Warren Wolf shows off incredible range in self-titled debut album
“What he does on vibes is pretty incredible. You can’t hear Warren and not be highly impressed. Give him some music to learn, he pretty much has it committed to memory in a matter of minutes. In a couple of days, he has it on the piano. Then suddenly, he’s internalizing every part of the music-the melody, the chord changes, the song’s overall personality. You’re listening to him, thinking, ‘Yeah, that’s what I had in mind.’” — Christian McBride
Vibraphonist Warren Wolf says he likes to go hard and fast, especially on the vibes he specializes in. But in his self-titled album, his first release with Mack Avenue Records August 16, 2011, he does a lot more than that.
The versatility is present in every song, whether it’s a studied, cascading remake of Chick Corea/Gary Burton’s “Señor Mouse,” a melodic finesse in Johnny Mandel’s “Emily,” made famous by Bill Evans, a whiz-bang throwdown that lets every instrument fly at breakneck speed in “One For Lenny,” or a fast-paced, non-stop rolling bounce of an opening number, “427 Mass Ave.”
“I’m trying to bring forth what most cats did back in the day, coming out right at you swinging, nice and hard, not a lot of hard melodies or weird time signatures,” explained the 31-year-old Baltimore musician. “I like to play really hard, fast and kind of flashy. I like to take it to a whole other level.”
A whole other level is exactly where Wolf takes it. He’s backed and equaled by a swinging band, including mentor/co-producer Christian McBride on bass, Peter Martin on piano, Greg Hutchinson on drums, Tim Green on alto and soprano sax, and Jeremy Pelt on trumpet.
Wolf impressed McBride straight away at a 2000 Jazz Aspen festival. The Jazz Aspen artistic director called his tune, “Shade Of The Cedar Tree,” and marveled as Wolf played his part — from memory. Besides having studied, practiced, lived and breathed Christian McBride for weeks, Wolf was able to put his own innately melodic spin on the vibes. This did not go unnoticed. “Warren was in the back of my brain after that,” McBride explained. “I promised him, ‘One of these days, I will get a band and hire you. I don’t know how long it’s going to take, but you will be there.’” And he did; Wolf’s been on McBride’s Inside Straight band since 2007.
“What he does on vibes is pretty incredible,” said McBride. “You can’t hear Warren and not be highly impressed. Give him some music to learn, he pretty much has it committed to memory in a matter of minutes. In a couple of days, he has it on the piano. Then suddenly, he’s internalizing every part of the music-the melody, the chord changes, the song’s overall personality. You’re listening to him, thinking, ‘Yeah, that’s what I had in mind.’”
Every song on this album is a hit. But three, “Natural Beauties,” “How I Feel At This Given Moment” and “Katrina,” put an indelible stamp on Warren Wolf as the next, great vibe player, worthy of playing with the big boys, and a musician who knows how to share the stage to create singular, collective masterpieces.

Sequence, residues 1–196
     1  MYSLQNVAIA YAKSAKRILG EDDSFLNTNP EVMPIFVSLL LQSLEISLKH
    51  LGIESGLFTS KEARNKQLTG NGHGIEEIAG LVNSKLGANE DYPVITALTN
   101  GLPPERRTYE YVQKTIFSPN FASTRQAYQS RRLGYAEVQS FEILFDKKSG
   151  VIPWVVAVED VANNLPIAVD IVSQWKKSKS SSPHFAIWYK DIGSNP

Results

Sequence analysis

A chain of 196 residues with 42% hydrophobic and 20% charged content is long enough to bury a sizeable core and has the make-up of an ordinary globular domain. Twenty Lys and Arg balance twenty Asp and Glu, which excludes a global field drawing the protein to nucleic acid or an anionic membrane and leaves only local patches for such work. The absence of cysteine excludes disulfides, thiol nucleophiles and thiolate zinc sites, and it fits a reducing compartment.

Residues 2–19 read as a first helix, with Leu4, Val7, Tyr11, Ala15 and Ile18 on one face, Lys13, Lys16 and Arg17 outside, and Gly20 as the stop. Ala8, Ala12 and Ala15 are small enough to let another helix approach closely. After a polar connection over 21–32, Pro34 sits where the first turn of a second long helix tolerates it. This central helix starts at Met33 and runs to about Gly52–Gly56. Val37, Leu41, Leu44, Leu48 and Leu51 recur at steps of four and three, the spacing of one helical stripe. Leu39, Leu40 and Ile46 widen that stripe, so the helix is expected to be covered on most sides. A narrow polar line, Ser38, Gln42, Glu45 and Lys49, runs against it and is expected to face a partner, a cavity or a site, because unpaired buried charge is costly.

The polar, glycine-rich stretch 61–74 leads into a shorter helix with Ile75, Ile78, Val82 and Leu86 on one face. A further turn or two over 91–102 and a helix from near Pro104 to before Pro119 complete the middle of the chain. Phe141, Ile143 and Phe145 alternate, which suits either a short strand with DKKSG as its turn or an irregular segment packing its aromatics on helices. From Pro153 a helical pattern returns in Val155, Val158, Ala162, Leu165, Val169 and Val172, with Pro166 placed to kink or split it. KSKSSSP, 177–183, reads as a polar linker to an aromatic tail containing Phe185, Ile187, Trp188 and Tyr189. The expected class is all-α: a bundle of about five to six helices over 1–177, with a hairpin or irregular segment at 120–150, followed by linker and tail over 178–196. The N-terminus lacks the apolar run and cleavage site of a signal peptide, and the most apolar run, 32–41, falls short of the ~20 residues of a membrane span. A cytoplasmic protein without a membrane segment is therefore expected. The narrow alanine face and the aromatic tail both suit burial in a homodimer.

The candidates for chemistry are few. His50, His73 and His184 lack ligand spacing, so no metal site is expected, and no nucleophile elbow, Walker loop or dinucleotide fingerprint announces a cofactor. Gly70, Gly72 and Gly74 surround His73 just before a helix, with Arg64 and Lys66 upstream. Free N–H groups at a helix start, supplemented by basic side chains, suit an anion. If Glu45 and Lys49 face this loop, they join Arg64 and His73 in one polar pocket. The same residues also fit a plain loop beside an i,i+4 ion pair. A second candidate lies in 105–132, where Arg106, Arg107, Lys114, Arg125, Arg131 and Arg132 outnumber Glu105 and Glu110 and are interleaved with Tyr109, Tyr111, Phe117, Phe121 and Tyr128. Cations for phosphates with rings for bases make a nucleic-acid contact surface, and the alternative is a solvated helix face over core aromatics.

Led by a natural, caressing, rhythmic melody, “Natural Beauties” — an homage to women everywhere who don’t need make-up or plastic surgery to be attractive — dips slightly in the smooth jazz format without losing its sophistication (Green really nails the romance on his soprano sax, Martin fully embellishes each cross-over note on his piano with a laid-back flow, and Wolf just pulls it all together with flourish). What’s wonderful and truly jazz (but not unique to just this one song) is the true collaborative effort involved, with everybody putting their two cents in. Each solo within the piece could stand alone.
“How I Feel At This Given Moment” showcases Warren Wolf’s depth of melodic understanding, versatility of movement, theme, and feel, and ability to really rock a song to its core. His vibe/marimba expression is at turns restrained and thoughtful, then passionate and intense.
A dramatic show-stopper is what Wolf and his band do on “Katrina,” which reflects on the massive suffering from the 2005 hurricane. Minor keys, plaintive horns, a tension-filled piano edge set the tone for the devastation, death, and despair. Wolf’s power vibes tease the harmonics and evoke Wynton Marsalis’s New Orleans blues, in a fitting tribute.
A vibe player could go off doing his own thing, relegating the other musicians to the side, and be really one-note droning monotonous. (Imagine the horror of an album of just vibe chords up and down the charts, yikes.) But Warren Wolf extends every intro, every solo, every finish to everybody in the recording studio (and onstage), vibing off their ideas, having his say (the man is fast and furious, but can take things teasingly slow), then knowing when to step back and let the horns, piano, bass, and drums just flow.
For the musicians’ musician and jazz music’s best-kept secret (no longer), this CD could catapult him into the spotlight alongside the likes of Gary Burton, Chick Corea, and Christian McBride — heroes growing up. He’s that fabulous.
Review first appeared Oct. 19, 2011 in Examiner.